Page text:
On the other hand, the monetary tightening, i.e., the transition towards an environment of higher interest rates could certainly expose some vulnerabilities of the financial systems, and again test their resilience, as the pandemics did.  The pace of the financial tightening matters in particular, as history shows that the effects are better manageable if tightening is gradual, well guided. The last year financial market turmoil in the UK and recent developments in the USA and EU clearly underline the need for vigilance. This nexus opens the debate on the so-called "financial dominance", the possible tradeoff between rising costs to curb inflation and effects for financial stability.

Against this background, one of the key questions is how well are financial systems prepared to rise to the challenge of rising interest rates. The answer to great extent boils down to the health of the balance sheet of households, companies and banks, i.e., their capacity to absorb shocks. What is very important is that banking systems in the region weathered the pandemics shock well and in many countries, including in NM, emerged with even stronger capacity, which can be observed by higher capital and liquidity buffers and better quality of credit portfolio.

Although according to the recent EIB Surveys banks expected deterioration of credit quality, NPL ratios have remained low (below 4%). Still, given the elevated debt levels of the private sector that hovers around 80% of GDP, increase in real estate prices, which in CESEE reached 15.5% - the highest growth since the GFC, as well as expected further tightening of the credit conditions, it is not time for complacency. One of the key lessons learnt from the COVID 19 crisis is the resilience and it must remain the name of the game for the banking sector going forward.

In the current context when the interplay between monetary policy and financial stability is more complex, and trade-offs are larger, macro – prudential management plays an important role. A recent BIS paper finds that prudential policy tightening, ahead or during the monetary policy tightening, reduces the likelihood of financial stress and provides more headroom for monetary policy. Following the pandemics, countercyclical or systemic risk capital buffers were actively deployed across the region. Financial regulators in seven countries, including in our case, intervened with the countercyclical capital buffer4, in six countries (Bulgaria, Croatia, Romania, Slovenia, Serbia and Montenegro) have continued to apply or introduced the systemic risk buffer and in five countries implemented borrower-based measures5, which more directly affect the quality of credit demand and contain risks.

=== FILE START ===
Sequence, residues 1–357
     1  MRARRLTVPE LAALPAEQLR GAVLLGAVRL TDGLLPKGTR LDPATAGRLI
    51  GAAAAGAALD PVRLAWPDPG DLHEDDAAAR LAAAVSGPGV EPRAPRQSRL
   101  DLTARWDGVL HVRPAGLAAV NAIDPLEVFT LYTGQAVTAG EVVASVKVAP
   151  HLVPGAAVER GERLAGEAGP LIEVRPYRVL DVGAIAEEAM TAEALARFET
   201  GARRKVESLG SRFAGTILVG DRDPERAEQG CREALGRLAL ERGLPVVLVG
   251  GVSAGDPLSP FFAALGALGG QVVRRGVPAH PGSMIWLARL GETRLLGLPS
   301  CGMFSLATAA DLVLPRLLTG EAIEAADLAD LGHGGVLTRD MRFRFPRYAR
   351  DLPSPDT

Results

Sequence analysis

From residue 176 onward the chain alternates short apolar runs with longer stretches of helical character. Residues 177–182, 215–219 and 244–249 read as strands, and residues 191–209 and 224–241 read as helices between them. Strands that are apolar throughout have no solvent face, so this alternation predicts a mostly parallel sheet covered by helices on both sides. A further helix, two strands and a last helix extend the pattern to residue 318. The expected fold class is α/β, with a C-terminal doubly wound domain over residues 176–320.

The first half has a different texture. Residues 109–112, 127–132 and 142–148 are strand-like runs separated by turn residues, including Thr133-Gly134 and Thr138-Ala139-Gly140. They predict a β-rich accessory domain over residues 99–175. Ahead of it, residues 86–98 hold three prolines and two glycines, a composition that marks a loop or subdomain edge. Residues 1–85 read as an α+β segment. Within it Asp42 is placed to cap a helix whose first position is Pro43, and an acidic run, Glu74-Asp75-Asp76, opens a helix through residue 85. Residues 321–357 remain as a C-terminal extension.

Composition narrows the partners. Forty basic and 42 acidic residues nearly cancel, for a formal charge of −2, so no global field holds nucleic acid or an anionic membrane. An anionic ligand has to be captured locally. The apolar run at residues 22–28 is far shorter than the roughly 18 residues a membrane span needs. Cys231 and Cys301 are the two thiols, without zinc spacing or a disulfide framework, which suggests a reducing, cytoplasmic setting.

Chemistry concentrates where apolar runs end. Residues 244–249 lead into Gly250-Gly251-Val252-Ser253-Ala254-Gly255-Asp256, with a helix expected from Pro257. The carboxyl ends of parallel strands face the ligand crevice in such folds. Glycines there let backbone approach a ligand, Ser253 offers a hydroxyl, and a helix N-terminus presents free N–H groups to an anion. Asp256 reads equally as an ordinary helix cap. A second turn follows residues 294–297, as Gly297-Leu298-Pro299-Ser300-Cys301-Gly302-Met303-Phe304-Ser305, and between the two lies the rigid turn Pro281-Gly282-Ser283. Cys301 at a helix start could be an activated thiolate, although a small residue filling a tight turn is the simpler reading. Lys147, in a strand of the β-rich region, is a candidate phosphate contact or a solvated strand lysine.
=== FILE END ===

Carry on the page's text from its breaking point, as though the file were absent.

Keeping banking sector sound and in good capacity to lend is important in the light of the urgently needed structural reforms in the region. As we are lagging behind advanced Europe in terms of income and productivity, sustaining banks' financing can contribute in narrowing those gaps. At the same time, climate change and technological innovation continue to accelerate, pressing on our societies to transform towards greener and digital future. Banks can have a crucial role in financing the twin transition.

To sum up, as policy makers we do face a difficult conundrum. After long time of economic moderation, all of the sudden we have to deal with major global shocks that impose tectonic shifts in the economic order, modify conventional macroeconomic paradigms, and accentuate the tradeoffs in policymaking. In this current context, it is crucial to preserve stability- stability of prices, as our primary objective and contribute to stability of the financial system. We all recall how profound consequences and scars instability causes, which is why we have to remain determined, focused and clear. It is the only way to preserve public trust, and as Brunnermeier said "the public is the ultimate source of central banks power and independence". 

Thank you and looking forward to the insightful debate!

1 Cited from "Monetary Policy in a High Inflation environment: Commitment and Clarity ", Lecture by Christine Lagarde, November 2022.

2 Geopolitical risk dashboard, Black Rock, December 6, 2022

3 "Front-loading" monetary tightening: pros and cons", BIS Bulletin 63, December 2022. 

4 Three have increased the rate (Slovakia, Bulgaria and Czech Republic) while other four introduced the buffer for the first time (Croatia, Romania, Hungary and North Macedonia).

5 BBM are implemented in Romania, Czech Republic, Slovakia, Hungary, Poland, Slovenia.